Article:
Thursday, January 21, 2010

Lunch Recap: Deploying with 'New' Gear: How the Department of Defense is Using Social Media

Yesterday was the FABULOUS CCG lunch with Price Floyd, Principal Deputy Assistant Secretary of Defense for Public Affairs for the Department of Defense. I can't say enough good things about this lunch and our speaker. Mr. Floyd captivated our audience for the entire presentation and Q&A session, during which he spoke about how the DoD is using social media tools to get its message to both internal and external audiences. He showed us examples of what they're doing, talked about guidelines he follows, and shared lessons learned.

  • Ask yourself four questions with any communications / outreach effort: What is the message? Who is the audience? How are you going to reach that audience? Who is the speaker?
  • "Non-approved messaging" -- i.e., letting people onto your website to publicly post comments, respond to questions, etc. -- gives credibility to the rest of your site and the content on it.
  • Make sure you TRAIN and EDUCATE your employees as to "responsible and effective" use of social media tools. One way the DoD does so is via fun (and short) videos, including a popular "what not to do" video.
  • Realize the importance of having personal voices (which can be more engaging) as well as institutional voices (which are more official). One example: On Twitter, he does this via multiple accounts -- @pricefloyd, which is his personal account and is a mix of work and personal updates, and @DefenseGov, which is the official DoD account.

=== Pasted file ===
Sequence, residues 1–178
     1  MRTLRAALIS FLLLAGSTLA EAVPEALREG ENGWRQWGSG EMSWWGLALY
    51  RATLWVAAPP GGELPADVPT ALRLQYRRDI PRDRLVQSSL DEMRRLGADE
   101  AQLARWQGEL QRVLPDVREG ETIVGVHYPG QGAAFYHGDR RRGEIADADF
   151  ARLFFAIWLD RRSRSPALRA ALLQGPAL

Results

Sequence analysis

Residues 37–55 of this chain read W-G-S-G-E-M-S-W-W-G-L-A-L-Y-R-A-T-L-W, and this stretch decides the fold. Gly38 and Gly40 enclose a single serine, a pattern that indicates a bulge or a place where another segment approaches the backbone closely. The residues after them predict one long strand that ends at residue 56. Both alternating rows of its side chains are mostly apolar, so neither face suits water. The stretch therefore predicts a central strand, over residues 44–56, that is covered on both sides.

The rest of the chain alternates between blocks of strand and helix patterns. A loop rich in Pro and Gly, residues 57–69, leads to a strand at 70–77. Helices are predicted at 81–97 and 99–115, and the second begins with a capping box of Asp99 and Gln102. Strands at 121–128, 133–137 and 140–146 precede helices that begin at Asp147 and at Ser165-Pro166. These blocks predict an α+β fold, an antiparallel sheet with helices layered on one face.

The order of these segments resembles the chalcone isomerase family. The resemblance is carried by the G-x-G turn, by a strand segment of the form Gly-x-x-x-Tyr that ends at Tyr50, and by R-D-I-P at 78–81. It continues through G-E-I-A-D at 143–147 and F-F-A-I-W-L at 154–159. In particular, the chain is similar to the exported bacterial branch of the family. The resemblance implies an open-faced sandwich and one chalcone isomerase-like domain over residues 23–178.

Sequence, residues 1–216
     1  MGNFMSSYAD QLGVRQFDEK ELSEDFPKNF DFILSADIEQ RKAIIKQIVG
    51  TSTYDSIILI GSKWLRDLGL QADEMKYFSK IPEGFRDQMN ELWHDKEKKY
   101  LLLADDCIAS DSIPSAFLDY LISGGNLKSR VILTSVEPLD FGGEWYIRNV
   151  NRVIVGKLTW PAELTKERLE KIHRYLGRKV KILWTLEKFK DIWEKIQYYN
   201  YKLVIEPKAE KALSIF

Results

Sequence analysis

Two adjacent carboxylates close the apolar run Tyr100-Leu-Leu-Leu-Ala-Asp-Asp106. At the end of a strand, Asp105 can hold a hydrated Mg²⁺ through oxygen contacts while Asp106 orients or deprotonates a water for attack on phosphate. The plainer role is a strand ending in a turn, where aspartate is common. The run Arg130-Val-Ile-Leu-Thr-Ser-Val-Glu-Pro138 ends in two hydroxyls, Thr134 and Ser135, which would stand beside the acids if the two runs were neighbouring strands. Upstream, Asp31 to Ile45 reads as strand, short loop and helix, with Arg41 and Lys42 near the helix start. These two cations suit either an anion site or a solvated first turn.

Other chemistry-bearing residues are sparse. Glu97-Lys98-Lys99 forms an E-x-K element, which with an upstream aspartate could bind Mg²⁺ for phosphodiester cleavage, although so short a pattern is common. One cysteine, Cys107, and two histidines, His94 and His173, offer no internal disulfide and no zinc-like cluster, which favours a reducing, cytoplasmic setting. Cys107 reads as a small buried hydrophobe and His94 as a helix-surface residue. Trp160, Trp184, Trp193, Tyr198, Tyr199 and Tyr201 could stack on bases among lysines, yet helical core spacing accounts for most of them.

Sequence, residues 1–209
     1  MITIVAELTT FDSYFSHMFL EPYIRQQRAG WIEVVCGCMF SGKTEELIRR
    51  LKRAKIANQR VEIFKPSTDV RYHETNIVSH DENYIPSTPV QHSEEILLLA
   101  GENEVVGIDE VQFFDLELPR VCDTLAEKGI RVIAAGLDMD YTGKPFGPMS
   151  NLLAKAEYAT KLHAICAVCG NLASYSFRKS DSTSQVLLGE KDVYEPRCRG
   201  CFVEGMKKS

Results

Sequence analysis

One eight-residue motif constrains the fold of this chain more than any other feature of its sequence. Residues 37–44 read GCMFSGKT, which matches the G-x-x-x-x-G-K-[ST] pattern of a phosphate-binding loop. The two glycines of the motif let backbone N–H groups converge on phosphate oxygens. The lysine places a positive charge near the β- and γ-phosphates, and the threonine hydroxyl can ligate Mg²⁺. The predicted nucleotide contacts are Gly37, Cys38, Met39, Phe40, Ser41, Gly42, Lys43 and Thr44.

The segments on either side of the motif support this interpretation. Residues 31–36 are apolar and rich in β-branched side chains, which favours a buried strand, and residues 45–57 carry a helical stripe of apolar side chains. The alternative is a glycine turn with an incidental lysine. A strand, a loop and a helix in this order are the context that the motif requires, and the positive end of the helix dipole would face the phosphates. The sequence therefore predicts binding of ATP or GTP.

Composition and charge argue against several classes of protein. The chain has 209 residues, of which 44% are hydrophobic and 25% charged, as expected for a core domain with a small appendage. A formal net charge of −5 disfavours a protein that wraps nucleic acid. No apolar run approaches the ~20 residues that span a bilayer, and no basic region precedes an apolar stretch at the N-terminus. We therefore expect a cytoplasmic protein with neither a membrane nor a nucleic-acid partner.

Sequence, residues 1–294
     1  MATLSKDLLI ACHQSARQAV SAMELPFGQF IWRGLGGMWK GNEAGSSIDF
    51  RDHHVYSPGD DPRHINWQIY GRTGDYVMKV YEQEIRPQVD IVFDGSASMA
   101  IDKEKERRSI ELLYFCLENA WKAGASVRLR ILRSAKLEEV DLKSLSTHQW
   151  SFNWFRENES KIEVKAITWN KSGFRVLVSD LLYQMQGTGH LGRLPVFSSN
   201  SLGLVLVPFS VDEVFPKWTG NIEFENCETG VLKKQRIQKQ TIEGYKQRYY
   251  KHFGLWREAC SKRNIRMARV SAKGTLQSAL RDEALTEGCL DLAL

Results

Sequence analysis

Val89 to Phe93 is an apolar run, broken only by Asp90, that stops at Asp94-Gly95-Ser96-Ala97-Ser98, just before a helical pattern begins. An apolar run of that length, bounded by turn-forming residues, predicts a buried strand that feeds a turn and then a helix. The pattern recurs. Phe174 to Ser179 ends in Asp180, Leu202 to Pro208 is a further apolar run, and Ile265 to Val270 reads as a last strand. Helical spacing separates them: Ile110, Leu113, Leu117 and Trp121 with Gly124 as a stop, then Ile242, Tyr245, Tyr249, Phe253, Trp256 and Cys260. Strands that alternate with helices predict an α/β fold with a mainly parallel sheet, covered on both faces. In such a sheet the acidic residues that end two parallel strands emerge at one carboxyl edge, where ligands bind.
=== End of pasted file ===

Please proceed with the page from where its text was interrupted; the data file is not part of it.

• Realize your goal... One of DoD's goals with social media was to reach a new audience. The department knew that the website audience skewed "older" (i.e., 50+), so the focus with the social media presence was to reach a new audience (i.e., 18-25).
  • Know that social media is only one component of a larger campaign. The audience on social media channels is growing, but it's still small. (For example, the viewers of the least watched Sunday talk show are more than the numbers you'll reach via social media. But they're different audiences, so you need to be reaching both.)
  • Having problems convincing the boss your company needs a social media presence? Go tell him to himself or the company. She'll see firsthand that the company likely is already there, being talked about. Then ask: "Do you want any say in what is being said about you and the company?"
  • Your social media policies and your general communications policies shouldn't be that different. What that means in the case of DoD, for example, is this: What a soldier can't include in a letter home, can't be online. In the case of companies... what you can't talk about to a reporter, shouldn't be talked about online.
  • There's nothing more credible than the voices of the people doing the work (in the case of the DoD, the people in the field). So make sure your social media voice isn't just the CEO, Senior VPs, etc.
And perhaps my favorite piece of advice from the day, which is advice he gives to DoD employees engaging in social media: "Don't post something online if it's not something you'd say to or show your boss or your grandmother."

Thanks, Mr. Floyd, for such great advice. And thank you to District Chophouse for the great location with the top-notch technology.

1 comment:

Craig Culp said...

I'm sorry to have missed what sounds like a terrific presentation. But thanks for the great recap! Having done "traditional" media for a long time, I'm always heartened when I'm reminded that the old rules still apply in new media. Most of what you talk about here looks just like the media strategies & trainings we've been doing all these years. Meet the new boss, same as the old boss? Almost.